As confirmed by George Osborne's autumn statement, the government, largely by taking money away from tax credits for people struggling on below-average incomes, has found £600m to set up 100 additional free schools, including maths colleges for 16 to 18-year-olds. This seems somewhat at odds with the original idea for free schools, which was that they would be spontaneously generated by parents, teachers and other citizens.
But leave that aside. The schools, Osborne said, will be for "our most talented young mathematicians". How can that be achieved except by selective entry? Many supposedly comprehensive sixth forms are already selective in practice, but could the maths free schools eventually admit younger children?
Nothing would please the restless Tory backbenchers more than a stealthy revival of grammar schools. The Department for Education - headed by Michael Gove, who keeps saying he is "unashamedly elitist" - has already announced that existing grammar schools may expand their intakes, possibly by as much as 50 per cent by 2018. The Lib Dems say they oppose selection and we must rely on them to stand firm. Which is another way of saying that comprehensives don't have much hope at all.
Don't mention the war
While we're on the subject of the Lib Dems, newspapers report that they have called in brand consultants, who conclude the party should claim credit for the abolition of slavery and the granting of property rights to women. This is an ingenious idea: because the Lib Dems (and their predecessors) were out of power for so long, they have no equivalent of the NHS or council-house sales as tangible achievements. But nor do they have equivalents of the Winter of Discontent or the 1992 Exchange Rate Mechanism debacle to besmirch their record. Yet if they go back to their heyday, opponents may recall Gladstone's failure to rescue General Gordon in Khartoum. And it was on the Liberals' watch that the First World War broke out.
However much people may now deplore journalists' treatment of Kate and Gerry McCann - as detailed in evidence the McCanns gave to the Leveson inquiry into the press - we should not forget that the speculation about whether and how they were responsible for their daughter's disappearance did not begin in the British press. The first suggestions that all was not as it seemed came from Portuguese papers, closely followed by wild speculation online from the great British public. British newspapers feared being left behind on the story and - given the tone of their coverage for the first months after Madeleine's disappearance - emerging as credulous fools.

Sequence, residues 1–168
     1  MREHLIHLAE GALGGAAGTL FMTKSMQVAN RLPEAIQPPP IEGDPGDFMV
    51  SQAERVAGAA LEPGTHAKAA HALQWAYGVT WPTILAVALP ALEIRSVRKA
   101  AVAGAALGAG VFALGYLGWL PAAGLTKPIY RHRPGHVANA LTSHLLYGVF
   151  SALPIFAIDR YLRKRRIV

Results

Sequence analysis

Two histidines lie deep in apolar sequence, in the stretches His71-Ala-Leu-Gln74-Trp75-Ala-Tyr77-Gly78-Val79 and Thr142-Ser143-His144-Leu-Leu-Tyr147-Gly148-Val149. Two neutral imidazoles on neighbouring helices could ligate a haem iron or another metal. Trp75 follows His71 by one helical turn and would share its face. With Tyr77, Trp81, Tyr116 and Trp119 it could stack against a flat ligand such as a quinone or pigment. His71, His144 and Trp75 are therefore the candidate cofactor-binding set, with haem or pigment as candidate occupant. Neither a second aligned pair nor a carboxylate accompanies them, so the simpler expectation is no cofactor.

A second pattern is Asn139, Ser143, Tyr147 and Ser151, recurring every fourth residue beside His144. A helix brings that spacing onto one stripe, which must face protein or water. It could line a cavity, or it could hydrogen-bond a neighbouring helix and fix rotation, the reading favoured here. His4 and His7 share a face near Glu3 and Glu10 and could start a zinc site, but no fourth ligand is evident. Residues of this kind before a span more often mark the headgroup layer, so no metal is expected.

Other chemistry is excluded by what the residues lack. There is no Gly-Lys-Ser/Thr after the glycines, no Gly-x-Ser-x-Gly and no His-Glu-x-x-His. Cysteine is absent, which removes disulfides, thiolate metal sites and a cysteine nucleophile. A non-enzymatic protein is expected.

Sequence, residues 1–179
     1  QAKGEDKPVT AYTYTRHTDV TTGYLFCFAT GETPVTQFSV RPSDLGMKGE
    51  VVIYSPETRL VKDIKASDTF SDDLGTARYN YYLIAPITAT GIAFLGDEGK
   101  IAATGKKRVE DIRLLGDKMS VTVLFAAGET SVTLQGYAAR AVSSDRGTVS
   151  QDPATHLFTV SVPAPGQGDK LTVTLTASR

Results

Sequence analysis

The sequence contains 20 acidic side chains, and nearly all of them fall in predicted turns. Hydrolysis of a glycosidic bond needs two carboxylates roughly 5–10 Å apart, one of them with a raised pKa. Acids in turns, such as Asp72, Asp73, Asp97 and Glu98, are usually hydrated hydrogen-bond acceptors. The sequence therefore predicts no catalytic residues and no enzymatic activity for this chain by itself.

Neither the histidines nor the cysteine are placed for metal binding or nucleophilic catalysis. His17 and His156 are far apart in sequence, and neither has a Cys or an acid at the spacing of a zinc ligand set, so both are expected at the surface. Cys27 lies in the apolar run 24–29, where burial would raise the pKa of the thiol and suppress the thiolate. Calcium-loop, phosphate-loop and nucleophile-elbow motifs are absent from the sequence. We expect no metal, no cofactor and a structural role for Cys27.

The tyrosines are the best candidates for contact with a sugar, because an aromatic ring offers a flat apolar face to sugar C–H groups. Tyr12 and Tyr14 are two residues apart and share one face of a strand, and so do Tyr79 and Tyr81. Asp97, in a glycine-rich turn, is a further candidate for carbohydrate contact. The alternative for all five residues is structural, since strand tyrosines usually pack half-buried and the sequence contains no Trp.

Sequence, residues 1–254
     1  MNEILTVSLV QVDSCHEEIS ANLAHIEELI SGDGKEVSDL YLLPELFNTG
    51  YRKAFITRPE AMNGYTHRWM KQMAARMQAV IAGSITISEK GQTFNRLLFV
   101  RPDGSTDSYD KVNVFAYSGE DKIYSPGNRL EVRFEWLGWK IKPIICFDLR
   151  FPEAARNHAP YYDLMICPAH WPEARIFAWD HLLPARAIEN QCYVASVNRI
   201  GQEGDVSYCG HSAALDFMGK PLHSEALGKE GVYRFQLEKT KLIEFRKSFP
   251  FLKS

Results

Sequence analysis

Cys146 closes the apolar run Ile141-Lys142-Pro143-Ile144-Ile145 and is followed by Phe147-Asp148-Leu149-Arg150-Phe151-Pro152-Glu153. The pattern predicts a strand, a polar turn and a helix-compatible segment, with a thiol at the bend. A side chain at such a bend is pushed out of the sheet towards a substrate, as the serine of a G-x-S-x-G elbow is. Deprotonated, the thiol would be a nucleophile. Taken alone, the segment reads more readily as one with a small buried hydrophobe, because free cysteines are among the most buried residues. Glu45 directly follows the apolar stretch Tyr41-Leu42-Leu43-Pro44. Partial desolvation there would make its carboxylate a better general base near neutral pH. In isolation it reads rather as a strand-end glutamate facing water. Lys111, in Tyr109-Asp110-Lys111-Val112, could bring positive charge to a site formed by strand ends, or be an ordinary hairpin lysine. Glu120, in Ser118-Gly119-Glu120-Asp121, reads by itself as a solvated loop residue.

Following the apparently self-inflicted death by hanging of Gary Speed, the Wales football manager, the internet is again awash with "explanations" - almost none of them supported by anything resembling evidence - from the obvious ones about mental health to the most improbable conspiracy theories. As I write, the press remains unusually reticent, adding very little to the plaintive "why? why? why?" of his former Wales teammate Robbie Savage. In normal times, police officers would have been bribed, family mobiles hacked and unnamed "sources" and "friends" quoted. The restraint may not last long, but it suggests the tabloids have learnt something from the public roasting they received in recent months.
Prop up privilege
Nothing much, I fear, will change as a result of the fallout from England's shambolic performance at the Rugby World Cup. The English game is ruled by a 60-strong council representing counties, ancient universities and armed services. It is a hangover from the amateur game - the professional clubs have just one representative - and its members are driven by envy and even hatred of players who are paid handsomely for what they themselves did for nothing except expenses. Tales of misbehaviour at the World Cup will merely strengthen the determination of "the blazers", as they are called, to concede nothing to pampered professional brats.
Rugby union was invented not as a spectator sport - people who complained it was dull to watch missed the point - but as recreation for middle-class men who wished to associate, in a manly sort of way, with others of similar social status. Playing it showed you were "one of us" and provided a passport to "respectable" society; the heavy drinking sessions and trashing of hotels were rites of passage similar to those required of the more socially elevated members of Oxford's Bullingdon Club. For most of its history, it regarded professionalism and even competitive leagues as the work of the devil, because, if players were paid and results mattered, the lower orders might enter the freemasonry.
In New Zealand and Wales, rugby has long been a game for all social classes, which explains why, despite having far smaller pools of players, they usually beat England. Even now, the English game is dominated by men who went to fee-paying schools; as recently as 2008, the elite squad had just one player who attended a comprehensive. Many more years will pass - and no doubt many more dwarfs thrown - before English rugby escapes its past.
Back to Osborne's autumn statement. The Chancellor of the self-styled greenest government ever said: "We're not going to save the planet by shutting down our steel plants, aluminium smelters and paper manufacturers."
I suppose that is true, but it was hardly the most inspiring rallying cry on the eve of the Durban conference on climate change.
Peter Wilby was editor of the New Statesman from 1998-2005